Good luck with your camera. I’ve had digital cameras fixed, one by Kodak and one by Canon. In both cases, they charged about $100 (I had to send them into the manufacturer). In our throwaway world, sometimes it’s easier to buy new than to fix.

  3. I think a key to your answering your question about kids and afternoon park visits is that Israeli moms / parents may not have remotely similar ideas to yours about a “reasonable hour” for kids to go to bed.

  4. yay!
    i thought the pic was mitooshtash for security reasons. :D.
    We had a great time as well! It was fun to meet you, Mom and you’re kids are really cute And i’m so proud of myself that I made it back and forth and didn’t get extremely lost.
    Parks- we actually do try to make to a bit of park before dinner. But there’s one right across the street or down the block. It’s usually a quick half hour run around. I generally try to be home by 5:45- 6 and then start the dinner/bath/bed process. My kids are in bed usually 7:30-8. We even managed to get home by 6:30 the other day, which i was really impressed with as well.

  5. Lion in Zion says

    “Whole bugs can’t be nullified by 60 times the amount of kosher food, but since it’s possible that the bug jumped out the rabbi said to go ahead and bake it.”
    i’m sure it would have gotten all squooshed up during the kneading. if not, in case a guest finds just tell him it started out as a raisin challah.

  6. Lion in Zion says

    waiting for more שמיטה posts

  7. Wow, you’ve acoomplished a lot!

  8. Re what to make for Rosh Hashanna– I suggest Gribenes for a memorable meal.

  9. Hi Abbi. Your kids are cute.
    Sorry about your camera. My computer just had techiyat hametim, but I’m afraid this might not last.

  10. mother in israel says

    Barzilai, my mother a”h made them, but not specifically for RH. Liked your post.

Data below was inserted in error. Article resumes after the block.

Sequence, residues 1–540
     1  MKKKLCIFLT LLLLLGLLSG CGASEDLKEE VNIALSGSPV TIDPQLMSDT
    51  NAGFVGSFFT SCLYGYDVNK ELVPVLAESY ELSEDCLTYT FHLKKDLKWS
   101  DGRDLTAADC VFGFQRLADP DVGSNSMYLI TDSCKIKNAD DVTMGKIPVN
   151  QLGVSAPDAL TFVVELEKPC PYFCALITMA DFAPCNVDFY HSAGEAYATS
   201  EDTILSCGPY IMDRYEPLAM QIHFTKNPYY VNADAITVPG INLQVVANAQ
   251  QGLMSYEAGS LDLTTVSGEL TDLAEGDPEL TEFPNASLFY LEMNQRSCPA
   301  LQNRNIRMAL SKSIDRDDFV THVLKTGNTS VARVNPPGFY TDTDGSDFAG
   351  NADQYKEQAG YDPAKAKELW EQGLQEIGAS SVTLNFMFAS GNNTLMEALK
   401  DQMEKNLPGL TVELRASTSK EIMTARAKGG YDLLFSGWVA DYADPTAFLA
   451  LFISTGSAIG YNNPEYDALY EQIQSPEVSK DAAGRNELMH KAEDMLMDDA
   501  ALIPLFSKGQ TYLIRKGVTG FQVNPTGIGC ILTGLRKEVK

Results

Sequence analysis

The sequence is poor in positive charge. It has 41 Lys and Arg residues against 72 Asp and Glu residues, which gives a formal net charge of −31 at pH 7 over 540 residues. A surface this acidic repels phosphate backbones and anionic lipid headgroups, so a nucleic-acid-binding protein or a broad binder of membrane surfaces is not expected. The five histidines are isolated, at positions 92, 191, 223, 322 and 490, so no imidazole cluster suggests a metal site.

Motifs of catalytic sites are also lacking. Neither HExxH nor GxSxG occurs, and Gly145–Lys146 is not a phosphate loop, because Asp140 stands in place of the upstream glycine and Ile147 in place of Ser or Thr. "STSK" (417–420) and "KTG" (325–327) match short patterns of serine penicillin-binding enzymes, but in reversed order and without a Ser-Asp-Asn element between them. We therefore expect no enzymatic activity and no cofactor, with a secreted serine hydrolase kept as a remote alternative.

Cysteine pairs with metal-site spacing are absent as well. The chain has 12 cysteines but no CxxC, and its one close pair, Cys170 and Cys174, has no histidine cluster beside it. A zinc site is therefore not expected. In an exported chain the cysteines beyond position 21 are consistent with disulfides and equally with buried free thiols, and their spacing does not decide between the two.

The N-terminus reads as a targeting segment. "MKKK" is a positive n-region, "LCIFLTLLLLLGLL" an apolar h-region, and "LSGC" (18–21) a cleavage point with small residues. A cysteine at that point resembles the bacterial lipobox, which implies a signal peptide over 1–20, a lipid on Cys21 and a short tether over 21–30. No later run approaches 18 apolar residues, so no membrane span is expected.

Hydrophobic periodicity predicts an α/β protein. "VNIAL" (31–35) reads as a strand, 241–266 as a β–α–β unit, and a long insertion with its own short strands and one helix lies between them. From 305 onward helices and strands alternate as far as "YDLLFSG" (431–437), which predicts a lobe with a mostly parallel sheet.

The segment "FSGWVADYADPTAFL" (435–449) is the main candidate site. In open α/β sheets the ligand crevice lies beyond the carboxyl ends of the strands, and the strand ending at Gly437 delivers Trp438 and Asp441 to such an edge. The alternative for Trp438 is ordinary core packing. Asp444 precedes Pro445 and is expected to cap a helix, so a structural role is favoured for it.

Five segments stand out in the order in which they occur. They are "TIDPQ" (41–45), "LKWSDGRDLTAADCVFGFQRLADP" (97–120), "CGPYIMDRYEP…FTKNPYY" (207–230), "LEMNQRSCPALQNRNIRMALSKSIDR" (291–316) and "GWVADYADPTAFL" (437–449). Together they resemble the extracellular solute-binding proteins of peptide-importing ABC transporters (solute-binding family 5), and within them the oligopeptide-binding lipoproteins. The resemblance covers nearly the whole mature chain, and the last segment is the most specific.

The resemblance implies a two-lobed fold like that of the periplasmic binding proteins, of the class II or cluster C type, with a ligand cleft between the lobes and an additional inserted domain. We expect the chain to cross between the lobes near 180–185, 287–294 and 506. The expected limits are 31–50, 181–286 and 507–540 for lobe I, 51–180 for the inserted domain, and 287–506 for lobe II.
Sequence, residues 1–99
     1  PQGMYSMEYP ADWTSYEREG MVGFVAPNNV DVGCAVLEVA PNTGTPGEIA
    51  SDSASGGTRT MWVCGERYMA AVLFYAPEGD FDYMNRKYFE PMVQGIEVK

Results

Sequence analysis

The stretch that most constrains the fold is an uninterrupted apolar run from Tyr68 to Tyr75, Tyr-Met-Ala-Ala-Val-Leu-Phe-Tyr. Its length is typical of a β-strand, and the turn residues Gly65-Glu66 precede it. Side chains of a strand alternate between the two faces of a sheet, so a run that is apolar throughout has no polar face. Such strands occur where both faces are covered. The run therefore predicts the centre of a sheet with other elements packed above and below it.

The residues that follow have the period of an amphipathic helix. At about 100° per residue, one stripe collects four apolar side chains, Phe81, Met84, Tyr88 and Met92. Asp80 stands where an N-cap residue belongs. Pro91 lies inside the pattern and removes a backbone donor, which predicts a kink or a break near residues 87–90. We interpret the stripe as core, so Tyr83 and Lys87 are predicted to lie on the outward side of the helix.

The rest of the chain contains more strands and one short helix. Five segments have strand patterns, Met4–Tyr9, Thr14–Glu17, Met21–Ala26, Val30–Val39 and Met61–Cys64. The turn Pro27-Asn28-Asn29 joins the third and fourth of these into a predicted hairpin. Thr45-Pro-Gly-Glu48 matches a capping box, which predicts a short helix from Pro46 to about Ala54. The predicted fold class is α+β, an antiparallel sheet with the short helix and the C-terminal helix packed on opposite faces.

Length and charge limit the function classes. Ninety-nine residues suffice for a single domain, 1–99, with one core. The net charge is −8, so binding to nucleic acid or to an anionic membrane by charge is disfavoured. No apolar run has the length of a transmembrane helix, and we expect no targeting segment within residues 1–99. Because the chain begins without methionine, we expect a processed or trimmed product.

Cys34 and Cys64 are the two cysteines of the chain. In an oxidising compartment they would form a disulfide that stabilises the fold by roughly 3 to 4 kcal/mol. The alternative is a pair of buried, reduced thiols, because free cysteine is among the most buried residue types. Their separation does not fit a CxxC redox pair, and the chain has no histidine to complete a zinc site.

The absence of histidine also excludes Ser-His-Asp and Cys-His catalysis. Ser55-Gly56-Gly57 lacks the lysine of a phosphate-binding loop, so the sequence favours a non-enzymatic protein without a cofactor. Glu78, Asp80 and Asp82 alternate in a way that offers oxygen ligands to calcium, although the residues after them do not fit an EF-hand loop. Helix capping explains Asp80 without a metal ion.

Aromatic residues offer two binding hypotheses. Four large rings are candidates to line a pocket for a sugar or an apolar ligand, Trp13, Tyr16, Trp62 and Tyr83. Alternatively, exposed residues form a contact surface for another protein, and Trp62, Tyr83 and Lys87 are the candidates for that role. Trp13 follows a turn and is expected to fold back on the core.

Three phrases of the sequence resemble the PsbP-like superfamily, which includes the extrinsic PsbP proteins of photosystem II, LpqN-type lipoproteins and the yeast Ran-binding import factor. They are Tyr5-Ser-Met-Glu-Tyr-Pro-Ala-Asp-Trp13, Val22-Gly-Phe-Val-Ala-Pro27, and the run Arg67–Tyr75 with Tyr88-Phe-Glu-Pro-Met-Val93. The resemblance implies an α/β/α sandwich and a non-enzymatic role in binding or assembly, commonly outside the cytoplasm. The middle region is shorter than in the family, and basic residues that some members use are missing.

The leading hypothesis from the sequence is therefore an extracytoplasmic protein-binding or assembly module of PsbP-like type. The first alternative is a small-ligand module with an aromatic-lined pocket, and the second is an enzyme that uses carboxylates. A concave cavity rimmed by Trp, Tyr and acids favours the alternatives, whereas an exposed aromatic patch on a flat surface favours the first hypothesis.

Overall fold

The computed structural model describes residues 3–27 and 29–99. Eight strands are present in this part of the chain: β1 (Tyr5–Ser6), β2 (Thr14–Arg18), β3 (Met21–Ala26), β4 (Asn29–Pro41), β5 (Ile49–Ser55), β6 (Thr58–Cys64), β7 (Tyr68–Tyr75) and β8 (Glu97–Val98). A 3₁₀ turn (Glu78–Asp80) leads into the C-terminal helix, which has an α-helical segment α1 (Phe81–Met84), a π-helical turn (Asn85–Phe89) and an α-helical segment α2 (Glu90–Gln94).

11. My kids meet there friends in the park in the late afternoon. It’s right across the street. I sometimes go as well and always marvel at how “hopping” the place is. It’s a great way to end the day. I’m trying to enjoy it while it lasts.

  12. SL- thanks. I just made a really good fruited acorn squash for shabbat if anybody is interested in the recipe. Is there going to a be a KCC for the chagim?

  13. Thank you, and a KVT.

  14. Didn’t understand the problem about parks.
    If you take children to part they get excercise and have fun especially after being cooped up all day in school or kindergarten.
    After park (which one leaves at any time appropriate to yourself), kids are tired and will sleep well!

  15. One Shabbat, I tried to bake my own challah with my kids. it turned out like a rock hard cookie. Since then I’ve made up my mind that it’s best to stick to buying th wonderfully baked challah from the bakery.

  16. mother in israel says

    Sharon, it takes a while to get the hang of making challah. So if you want to learn, expect to spend a few weeks experimenting. Or take a shortcut and learn from an experienced friend. At any rate, there’s nothing wrong with buying challah!
    Keren, I’m just wondering when they do all the things I am doing in the afternoons.